I wanted to just focus for a second on your discussion of the more or less offsetting sales earnings effect, where you sold last year service territory and more in to MISO and you came out of ahead. That sounds like a pretty good deal, I mean is there a way that you can work that so that’s a permanent condition or how should we think of that going forward.

Rich Marsh

With respect to the first quarter, lower industrial sales meant that we had lower fuel cost and since their contracts rolled off at December 31, ’08 they paid higher price and we had lower fuel cost. That would be nice to continue, but the auction will determine that beginning May 13.

Kit Konolige - Soleil Securities

Is the auction going to have a separate pricing mechanism for industrial or different class of customers?

Anthony Alexander

That I would be a slice of the system?

Kit Konolige - Soleil Securities

But the auction won’t affect your fuel cost?

Harvey Wagner

Well, the auction will affect it to the extend that it effects our dispatch strategy for the generating units.

Kit Konolige - Soleil Securities

Right, so in other words I shouldn’t really take much from that. In the first quarter you had some extra megawatt-hours to sell, you sold them, that were a good deal. The industrials are paying demand charges, not energy charges and it comes out slightly ahead, but that is effectively over written in the new regime once the auction is conducted?

Harvey Wagner

Yes.

Anthony Alexander

But also in the first quarter we really had a strong performance of the entire fleet. It wasn’t a lot of scheduled outages and the units ran strong for us that with the kind of performance that we’ve seen over the last several years. So, there were a lot of positives moving through this timeframe.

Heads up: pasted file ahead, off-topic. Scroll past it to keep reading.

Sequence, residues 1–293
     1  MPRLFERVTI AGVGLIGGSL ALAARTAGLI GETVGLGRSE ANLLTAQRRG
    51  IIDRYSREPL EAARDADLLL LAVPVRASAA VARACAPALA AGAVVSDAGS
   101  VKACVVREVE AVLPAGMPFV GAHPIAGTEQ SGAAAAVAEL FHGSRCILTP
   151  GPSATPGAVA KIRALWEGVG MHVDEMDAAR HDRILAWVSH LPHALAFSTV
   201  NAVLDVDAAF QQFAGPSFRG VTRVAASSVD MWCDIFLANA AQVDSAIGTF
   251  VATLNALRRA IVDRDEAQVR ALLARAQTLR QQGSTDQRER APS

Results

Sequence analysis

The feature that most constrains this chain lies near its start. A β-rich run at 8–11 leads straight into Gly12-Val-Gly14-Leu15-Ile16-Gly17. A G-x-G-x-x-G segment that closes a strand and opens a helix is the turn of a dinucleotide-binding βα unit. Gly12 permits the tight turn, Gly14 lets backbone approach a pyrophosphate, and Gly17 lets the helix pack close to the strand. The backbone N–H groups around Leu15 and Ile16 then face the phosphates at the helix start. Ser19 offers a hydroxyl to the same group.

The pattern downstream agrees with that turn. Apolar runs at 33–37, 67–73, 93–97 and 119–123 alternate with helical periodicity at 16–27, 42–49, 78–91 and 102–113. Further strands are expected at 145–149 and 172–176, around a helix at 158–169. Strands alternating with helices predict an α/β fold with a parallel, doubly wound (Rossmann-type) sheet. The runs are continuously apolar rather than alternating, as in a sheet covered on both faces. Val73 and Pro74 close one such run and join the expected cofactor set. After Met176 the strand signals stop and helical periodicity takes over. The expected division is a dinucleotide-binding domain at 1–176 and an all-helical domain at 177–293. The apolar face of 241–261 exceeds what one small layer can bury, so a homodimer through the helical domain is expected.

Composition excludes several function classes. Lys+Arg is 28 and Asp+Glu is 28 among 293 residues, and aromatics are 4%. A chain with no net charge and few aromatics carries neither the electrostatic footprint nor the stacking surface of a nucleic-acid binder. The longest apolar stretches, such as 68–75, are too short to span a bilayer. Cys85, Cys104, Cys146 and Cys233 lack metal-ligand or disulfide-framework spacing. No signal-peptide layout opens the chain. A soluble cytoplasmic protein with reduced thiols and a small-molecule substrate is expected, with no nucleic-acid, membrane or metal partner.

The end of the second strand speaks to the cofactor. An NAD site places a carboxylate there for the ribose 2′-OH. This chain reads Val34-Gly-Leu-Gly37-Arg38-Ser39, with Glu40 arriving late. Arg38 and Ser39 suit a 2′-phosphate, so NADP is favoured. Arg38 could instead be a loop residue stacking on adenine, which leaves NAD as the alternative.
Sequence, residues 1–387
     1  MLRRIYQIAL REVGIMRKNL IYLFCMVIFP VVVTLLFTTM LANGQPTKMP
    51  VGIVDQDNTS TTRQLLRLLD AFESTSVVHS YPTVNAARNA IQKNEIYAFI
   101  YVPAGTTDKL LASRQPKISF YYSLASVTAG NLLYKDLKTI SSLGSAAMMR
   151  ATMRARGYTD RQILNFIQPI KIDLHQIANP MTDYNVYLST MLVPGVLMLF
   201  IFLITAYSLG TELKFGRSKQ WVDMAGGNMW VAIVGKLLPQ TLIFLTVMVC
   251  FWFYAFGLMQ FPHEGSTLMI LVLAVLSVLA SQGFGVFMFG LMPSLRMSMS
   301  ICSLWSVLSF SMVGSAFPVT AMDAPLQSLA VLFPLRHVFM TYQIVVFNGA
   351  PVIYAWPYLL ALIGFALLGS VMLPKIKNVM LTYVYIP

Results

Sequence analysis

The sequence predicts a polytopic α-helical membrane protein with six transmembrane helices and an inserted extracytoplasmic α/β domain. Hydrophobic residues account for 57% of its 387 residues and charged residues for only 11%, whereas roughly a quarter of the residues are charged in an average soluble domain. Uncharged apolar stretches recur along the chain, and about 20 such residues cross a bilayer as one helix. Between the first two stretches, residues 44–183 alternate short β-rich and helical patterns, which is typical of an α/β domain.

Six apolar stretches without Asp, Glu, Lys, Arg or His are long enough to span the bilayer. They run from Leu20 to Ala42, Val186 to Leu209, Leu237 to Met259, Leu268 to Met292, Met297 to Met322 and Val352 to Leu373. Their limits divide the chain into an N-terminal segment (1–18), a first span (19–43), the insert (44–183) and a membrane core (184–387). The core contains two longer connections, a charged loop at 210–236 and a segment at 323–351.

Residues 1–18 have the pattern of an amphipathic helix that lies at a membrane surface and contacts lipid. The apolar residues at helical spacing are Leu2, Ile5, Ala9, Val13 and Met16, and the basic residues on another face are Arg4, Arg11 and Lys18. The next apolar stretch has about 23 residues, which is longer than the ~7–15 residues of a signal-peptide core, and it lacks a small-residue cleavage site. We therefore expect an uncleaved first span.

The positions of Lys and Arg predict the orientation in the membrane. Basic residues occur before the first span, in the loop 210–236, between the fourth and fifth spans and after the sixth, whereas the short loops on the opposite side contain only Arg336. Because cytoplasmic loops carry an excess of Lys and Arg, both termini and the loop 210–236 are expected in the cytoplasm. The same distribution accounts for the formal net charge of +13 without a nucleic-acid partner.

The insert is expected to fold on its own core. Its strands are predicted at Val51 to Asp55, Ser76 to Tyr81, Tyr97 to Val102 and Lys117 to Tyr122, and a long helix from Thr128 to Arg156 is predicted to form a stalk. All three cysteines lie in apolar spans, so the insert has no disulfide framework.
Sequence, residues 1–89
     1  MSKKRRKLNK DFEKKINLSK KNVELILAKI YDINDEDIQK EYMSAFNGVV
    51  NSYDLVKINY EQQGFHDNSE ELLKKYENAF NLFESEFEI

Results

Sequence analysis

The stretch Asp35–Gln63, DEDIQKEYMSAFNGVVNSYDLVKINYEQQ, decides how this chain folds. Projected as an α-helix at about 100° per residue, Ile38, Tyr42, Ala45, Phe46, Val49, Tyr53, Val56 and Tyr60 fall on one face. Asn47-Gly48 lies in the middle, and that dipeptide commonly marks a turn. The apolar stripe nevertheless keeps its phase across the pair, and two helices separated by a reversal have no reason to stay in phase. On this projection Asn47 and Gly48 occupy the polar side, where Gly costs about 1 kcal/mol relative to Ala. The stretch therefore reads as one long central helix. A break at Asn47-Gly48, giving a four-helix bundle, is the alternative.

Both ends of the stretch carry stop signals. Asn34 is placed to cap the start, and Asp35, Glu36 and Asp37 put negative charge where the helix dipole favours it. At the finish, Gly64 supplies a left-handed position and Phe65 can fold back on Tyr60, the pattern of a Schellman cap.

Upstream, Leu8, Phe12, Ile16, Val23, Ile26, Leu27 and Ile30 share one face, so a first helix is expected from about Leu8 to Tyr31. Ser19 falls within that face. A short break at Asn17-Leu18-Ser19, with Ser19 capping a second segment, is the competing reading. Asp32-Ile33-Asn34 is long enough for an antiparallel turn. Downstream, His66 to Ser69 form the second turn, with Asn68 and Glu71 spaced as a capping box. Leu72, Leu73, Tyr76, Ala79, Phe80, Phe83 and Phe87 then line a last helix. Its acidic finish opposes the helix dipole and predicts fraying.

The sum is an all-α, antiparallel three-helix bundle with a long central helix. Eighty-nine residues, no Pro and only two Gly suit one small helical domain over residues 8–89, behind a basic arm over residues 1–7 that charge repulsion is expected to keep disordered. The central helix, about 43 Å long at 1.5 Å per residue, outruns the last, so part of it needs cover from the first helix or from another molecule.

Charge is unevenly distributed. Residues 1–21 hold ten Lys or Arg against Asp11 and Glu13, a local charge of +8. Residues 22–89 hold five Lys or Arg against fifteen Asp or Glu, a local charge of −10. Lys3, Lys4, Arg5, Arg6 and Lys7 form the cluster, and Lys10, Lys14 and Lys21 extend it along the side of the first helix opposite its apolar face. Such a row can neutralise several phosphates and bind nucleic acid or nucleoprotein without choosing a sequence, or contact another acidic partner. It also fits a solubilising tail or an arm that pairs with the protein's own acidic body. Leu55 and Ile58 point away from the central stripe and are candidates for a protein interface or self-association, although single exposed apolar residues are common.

Obviously, the colder weather help to offset some of that to as customers moved into higher pricing brackets in their own tariffs.

Kit Konolige - Soleil Securities

You will have more outages for work this year; I think it you talked about presumably that will be in the second quarter and fourth quarter primarily?

Anthony Alexander

Well, we’ve got three new clear outages scheduled this year. We’re in the process now closing down one. We are in the middle of a second one and we have a third one coming up later this year. We also took an outage at one of our plants that was not scheduled well actually it became scheduled during what would be the second quarter.

So, in the main, as you look to and then as you look to the fourth quarter in particular, as we start the tie in work for the Sammis AQC project and take a hard look at the overall outage schedule in comparison to the reduced loads that we have, we could be making modifications to take advantage of this timeframe.

Mark Clark

I would only add two things to what Tony said. Our ability to control our O&M expenses in the first quarter will continue through the year. In additionally one of the special items was the reorganization, special charge in the first quarter. The benefits of that will not be really affected until the second, third and fourth. So, there are some positives that will carry through other positives that will start.

Kit Konolige - Soleil Securities

Just to be clear, so the control of the O&M and then there is a second control of O&M from reorganization?

Mark Clark

We had a staffing reduction of 335 management support staff announced in March and those people left the payroll in April. Additionally, we had 4% of our non-union workforce affected by management changes alignment of responsibilities. We took a onetime after tax charges of $16 million or $22 million pretax per severance related benefits. We expect ongoing expenses to be reduced by approximately $37 million from those changes.